We have a rich history of far reaching scientific innovation. From Newton’s laws to Turing’s computational breakthroughs to DeepMind, the UK has long been a crucible for ideas with global impact.
Central to this legacy is the role of exceptional human talent – a vital ingredient for frontier discovery. As this week’s AI summit will emphasise, the ripple effects of innovation are felt more profoundly than ever, and have the potential to spark a new wave of growth.
With its renowned universities, thriving tech sector, and the universal appeal of the English language, the UK offers fertile ground for exceptional talent to flourish, and the government has committed to attracting the best and brightest from around the world.
Yet, even with these assets, can the UK sustain its position as a hub for global talent in an increasingly competitive sector?
In order to secure this world leading talent, we need to look in the right places and identify it early on. Nowhere provides better opportunities for this than global competitions known as the International Olympiads. These give high school students across the world the chance to prove their prowess in science and mathematics. Success in these competitions is highly predictive of excellence in later life.
Gold medallists at the International Mathematical Olympiad, for instance, are 50 times more likely to achieve the renowned Fields Medal (the Nobel Prize equivalent in maths) than an average Cambridge PhD student. Futher, groundbreaking ventures like OpenAI, Ethereum and Telegram were all started by founders with Olympiad backgrounds.
The good news is that these young prodigies see the UK as a destination of choice. Our research shows that one in five International Mathematics Olympiad students would pick the UK over any other destination to study as undergraduates – second only to the United States. The bad news is less than one in ten actually make it here.
We need to ask why. The truth is that Britain isn’t focused enough on doing what is needed to attract the best global talent.
Existing systems to attract future science and tech geniuses, such as the UK’s Talent Visa Scheme, though well intentioned, just aren’t working well enough. They lean towards established professionals and often miss emerging talents, especially from countries such as India.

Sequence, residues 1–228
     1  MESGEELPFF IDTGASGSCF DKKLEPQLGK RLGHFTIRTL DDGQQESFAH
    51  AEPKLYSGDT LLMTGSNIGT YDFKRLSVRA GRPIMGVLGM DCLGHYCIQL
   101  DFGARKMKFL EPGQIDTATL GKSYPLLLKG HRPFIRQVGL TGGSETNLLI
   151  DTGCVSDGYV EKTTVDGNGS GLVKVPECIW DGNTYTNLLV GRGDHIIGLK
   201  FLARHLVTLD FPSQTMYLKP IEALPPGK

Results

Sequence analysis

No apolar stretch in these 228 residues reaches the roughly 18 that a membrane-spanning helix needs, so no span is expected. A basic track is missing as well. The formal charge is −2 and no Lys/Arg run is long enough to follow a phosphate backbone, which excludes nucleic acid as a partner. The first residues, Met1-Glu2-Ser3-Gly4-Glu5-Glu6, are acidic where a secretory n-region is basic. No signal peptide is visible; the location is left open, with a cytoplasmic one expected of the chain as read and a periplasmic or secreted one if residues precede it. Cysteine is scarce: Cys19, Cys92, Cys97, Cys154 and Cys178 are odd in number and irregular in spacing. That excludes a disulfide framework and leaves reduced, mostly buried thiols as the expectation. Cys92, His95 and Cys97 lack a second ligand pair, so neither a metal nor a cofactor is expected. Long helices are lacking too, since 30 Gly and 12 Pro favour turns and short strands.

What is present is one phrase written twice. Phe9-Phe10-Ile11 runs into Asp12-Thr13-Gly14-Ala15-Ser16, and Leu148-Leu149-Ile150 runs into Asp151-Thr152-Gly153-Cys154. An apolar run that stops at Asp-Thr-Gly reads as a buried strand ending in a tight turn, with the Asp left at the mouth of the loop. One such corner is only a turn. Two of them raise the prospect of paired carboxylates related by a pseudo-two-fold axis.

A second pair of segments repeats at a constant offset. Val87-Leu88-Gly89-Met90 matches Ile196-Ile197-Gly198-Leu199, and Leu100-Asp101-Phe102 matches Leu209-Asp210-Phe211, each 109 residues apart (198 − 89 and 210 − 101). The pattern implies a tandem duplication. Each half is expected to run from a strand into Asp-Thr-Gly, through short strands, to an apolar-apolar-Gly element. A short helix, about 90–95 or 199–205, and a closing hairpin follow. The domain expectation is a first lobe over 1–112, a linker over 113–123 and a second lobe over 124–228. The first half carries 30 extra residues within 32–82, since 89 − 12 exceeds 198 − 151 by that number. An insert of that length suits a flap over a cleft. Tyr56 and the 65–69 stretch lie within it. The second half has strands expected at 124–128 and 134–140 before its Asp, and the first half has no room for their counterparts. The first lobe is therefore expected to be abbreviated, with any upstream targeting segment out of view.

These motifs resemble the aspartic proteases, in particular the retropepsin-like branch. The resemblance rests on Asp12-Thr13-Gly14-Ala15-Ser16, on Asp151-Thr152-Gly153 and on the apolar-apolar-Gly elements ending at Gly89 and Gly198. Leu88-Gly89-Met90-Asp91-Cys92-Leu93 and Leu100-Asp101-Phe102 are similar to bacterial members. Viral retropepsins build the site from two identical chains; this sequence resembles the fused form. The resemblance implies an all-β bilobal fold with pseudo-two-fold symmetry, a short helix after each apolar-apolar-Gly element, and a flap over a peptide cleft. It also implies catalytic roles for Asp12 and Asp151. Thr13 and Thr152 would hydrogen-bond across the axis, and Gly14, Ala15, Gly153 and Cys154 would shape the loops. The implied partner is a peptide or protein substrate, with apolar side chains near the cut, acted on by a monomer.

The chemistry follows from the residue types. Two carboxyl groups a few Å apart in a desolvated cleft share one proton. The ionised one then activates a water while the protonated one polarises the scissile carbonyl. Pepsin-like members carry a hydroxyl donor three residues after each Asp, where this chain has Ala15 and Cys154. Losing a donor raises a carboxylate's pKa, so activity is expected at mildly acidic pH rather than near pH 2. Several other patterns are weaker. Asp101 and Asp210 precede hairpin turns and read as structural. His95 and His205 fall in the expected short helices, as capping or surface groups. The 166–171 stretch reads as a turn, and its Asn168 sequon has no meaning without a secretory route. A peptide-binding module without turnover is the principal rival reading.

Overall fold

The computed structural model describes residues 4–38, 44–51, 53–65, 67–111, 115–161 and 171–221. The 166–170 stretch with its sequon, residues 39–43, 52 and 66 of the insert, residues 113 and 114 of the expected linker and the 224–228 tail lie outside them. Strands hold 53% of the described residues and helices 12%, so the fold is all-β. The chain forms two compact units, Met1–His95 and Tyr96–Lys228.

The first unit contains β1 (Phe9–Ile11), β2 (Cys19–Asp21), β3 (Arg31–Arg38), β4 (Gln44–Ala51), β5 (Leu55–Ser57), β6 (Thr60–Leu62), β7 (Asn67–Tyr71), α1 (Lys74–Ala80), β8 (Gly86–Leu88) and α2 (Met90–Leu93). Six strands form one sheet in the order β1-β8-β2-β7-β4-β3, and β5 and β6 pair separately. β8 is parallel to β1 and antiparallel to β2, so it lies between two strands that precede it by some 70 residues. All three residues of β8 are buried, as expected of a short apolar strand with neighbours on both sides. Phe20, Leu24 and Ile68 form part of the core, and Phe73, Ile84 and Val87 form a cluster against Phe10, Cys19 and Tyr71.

Moreover, financial barriers, including to universities, remain significant for many. As the co-founders of Global Talent Lab, we have spent a decade studying and publishing the success that cutting edge talent delivers for economies and societies. And we’re delighted to be able to launch an innovative scheme to solve this problem.
The ‘Backing Invisible Geniuses’ (BIG) programme offers prodigious young talents from around the world the chance to study at leading institutions such as Cambridge and Imperial. Supported with a founding donation from XTX Markets, and working with the Department for Science, Innovation and Technology, BIG scholarships will support the undergraduate education for over 30 scholars who – we anticipate – may make this country the hub of their future scientific and entrepreneurial efforts.
BIG offers more than just academic support and scholarships. It opens doors to a vibrant global network including internships, pioneering research, and mentorships that can shape careers. It’s our way of investing in a brighter, more innovative tomorrow.
By matching elite talent with its premier educational establishments, we’re positioning the UK as a hub of innovation. This is an opportunity to ignite a global ‘race to the top’, setting a trend for nations to follow.
By investing in these exceptional young minds, we’re laying the groundwork for progress that transcends national borders. The imperative is clear – to secure a prosperous future, both for the UK and the world, we must excel at identifying global talent and creating an environment that attracts it. Failure to do so could jeopardise our collective competitive edge in the long run.
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